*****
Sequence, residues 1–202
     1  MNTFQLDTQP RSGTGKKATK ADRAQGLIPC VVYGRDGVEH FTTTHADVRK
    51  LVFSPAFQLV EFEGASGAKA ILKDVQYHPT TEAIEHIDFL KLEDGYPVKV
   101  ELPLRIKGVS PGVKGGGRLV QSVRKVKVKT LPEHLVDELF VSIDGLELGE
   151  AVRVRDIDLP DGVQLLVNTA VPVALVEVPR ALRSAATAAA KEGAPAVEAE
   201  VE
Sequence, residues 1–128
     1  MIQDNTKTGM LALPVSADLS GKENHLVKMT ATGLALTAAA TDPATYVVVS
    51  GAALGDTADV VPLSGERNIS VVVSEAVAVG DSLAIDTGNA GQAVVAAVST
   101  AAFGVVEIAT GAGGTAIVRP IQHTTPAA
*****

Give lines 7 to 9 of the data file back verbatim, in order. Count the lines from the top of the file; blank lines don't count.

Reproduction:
Sequence, residues 1–128
     1  MIQDNTKTGM LALPVSADLS GKENHLVKMT ATGLALTAAA TDPATYVVVS
    51  GAALGDTADV VPLSGERNIS VVVSEAVAVG DSLAIDTGNA GQAVVAAVST